In January 1995, Dana Scheer and Kenneth Treadwell
were convicted of engaging in conspiracy and fraud when they were attorneys for Sunrise Savings and Loan Association in Boynton Beach, Florida.
The savings and loan had failed in 1985 and cost taxpayers more than $680 million.
Scheer and Treadwell handled real estate transactions for the savings and loan association. They were convicted based on the testimony of Robert Jacoby, president of the savings and loan, who said that Scheer and Treadwell were aware of the fraudulent nature of the real estate deals that Jacoby worked on. The prosecution claimed the deals were sham transactions conducted so that auditors would not notice that the financial institution was suffering millions of dollars in losses.
Prior to sentencing, U.S. District Judge William Hoeveler vacated Treadwell's convictions and dismissed Scheer's conspiracy convictions. The judge held a hearing on a defense motion for a new trial and found that the prosecution had threatened the savings and loan president with jail time if he failed to testify against Scheer, and never disclosed that threat to the defense. Hoeveler did not overturn Scheer's convictions for misapplication of funds and filing a false statement.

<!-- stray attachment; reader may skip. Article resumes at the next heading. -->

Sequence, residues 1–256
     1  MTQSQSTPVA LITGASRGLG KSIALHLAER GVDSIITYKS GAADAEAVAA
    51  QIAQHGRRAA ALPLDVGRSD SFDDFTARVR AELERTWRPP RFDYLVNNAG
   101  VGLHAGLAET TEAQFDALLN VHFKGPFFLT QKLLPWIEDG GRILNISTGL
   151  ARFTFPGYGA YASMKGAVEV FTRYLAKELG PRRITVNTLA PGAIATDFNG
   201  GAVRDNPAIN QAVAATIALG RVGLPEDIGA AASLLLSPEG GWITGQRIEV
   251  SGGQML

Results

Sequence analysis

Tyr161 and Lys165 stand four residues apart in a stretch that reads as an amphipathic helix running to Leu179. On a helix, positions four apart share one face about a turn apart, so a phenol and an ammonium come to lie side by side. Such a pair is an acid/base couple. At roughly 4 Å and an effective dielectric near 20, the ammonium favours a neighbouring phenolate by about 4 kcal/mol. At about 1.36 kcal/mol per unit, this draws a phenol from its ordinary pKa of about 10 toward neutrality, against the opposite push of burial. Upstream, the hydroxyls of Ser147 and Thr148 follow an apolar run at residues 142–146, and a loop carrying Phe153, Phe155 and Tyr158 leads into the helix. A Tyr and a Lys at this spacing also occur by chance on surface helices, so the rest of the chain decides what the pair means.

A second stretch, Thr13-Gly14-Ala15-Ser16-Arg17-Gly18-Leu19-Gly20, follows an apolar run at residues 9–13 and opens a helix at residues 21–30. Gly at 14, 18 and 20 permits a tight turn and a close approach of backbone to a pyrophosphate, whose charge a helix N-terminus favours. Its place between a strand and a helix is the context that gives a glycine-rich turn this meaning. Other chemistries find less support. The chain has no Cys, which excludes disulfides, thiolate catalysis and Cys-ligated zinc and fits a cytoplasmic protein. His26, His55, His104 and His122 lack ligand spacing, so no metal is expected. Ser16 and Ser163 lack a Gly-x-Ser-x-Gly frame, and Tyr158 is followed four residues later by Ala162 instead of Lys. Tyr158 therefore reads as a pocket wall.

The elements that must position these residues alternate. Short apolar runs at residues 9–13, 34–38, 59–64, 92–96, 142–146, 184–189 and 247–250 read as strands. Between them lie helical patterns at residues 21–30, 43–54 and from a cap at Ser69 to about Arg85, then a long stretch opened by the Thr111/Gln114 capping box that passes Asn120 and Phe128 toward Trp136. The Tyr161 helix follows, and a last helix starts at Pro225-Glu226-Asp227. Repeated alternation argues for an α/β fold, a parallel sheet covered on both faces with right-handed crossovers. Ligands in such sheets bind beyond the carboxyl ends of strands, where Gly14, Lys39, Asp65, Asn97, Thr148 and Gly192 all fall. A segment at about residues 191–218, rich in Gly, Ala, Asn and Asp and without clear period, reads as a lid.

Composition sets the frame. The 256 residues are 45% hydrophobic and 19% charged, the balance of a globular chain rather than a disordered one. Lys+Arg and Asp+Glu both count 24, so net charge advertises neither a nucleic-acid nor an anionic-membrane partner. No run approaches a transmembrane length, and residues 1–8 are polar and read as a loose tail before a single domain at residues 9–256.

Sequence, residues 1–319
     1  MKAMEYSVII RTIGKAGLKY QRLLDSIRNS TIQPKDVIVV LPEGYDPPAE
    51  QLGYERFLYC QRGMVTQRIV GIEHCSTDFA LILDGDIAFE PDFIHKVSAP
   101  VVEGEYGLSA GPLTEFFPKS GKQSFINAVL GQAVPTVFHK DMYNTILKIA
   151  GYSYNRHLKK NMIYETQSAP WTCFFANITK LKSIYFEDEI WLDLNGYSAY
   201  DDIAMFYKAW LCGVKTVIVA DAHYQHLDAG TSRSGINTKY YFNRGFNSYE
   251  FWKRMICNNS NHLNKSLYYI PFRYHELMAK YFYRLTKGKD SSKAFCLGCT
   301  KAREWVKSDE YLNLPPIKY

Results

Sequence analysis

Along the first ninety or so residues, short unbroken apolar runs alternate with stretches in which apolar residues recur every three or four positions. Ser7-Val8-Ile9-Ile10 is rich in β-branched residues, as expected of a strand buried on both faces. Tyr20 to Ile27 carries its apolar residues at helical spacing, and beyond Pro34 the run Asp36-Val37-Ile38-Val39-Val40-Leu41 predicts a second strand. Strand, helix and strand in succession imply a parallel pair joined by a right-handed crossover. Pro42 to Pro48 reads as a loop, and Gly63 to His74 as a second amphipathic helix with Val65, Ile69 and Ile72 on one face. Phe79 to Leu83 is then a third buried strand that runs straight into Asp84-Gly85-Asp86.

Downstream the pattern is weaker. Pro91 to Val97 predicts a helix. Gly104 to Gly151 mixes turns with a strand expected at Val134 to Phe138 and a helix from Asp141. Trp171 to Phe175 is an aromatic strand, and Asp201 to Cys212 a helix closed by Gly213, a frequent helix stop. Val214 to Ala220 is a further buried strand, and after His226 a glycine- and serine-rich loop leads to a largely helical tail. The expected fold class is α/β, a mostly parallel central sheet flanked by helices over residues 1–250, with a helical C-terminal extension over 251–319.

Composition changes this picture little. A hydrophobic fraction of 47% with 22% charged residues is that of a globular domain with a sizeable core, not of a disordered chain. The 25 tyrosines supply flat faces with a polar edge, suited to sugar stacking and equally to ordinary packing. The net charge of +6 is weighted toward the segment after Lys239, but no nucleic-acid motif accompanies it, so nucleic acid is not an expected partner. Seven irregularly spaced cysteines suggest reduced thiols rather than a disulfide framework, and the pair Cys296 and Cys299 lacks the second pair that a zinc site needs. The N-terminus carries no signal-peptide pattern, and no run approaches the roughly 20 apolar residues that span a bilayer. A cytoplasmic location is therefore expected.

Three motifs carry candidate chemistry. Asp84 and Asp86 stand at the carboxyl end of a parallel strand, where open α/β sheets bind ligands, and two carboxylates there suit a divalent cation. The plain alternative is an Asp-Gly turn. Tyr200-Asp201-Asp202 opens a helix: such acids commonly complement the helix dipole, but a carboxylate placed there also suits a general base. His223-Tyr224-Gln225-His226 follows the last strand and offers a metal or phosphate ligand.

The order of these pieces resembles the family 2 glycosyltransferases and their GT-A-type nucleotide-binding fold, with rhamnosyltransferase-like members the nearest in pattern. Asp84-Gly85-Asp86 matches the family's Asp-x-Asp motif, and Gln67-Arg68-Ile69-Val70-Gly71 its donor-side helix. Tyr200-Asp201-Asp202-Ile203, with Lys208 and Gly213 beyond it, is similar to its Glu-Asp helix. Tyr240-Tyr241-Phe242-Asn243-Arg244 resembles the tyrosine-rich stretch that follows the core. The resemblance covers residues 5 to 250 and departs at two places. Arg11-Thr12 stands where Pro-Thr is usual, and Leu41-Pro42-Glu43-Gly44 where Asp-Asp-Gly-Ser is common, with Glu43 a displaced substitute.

Scheer was sentenced to four years probation and a $10,000 fine.
Scheer appealed his convictions and in February 1999, the United States Court of Appeals for the Eleventh Circuit reversed his convictions and ordered a new trial because the prosecutor failed to disclose the threat.
In August 1999, the prosecution dismissed the remaining charges against Scheer.
– Maurice Possley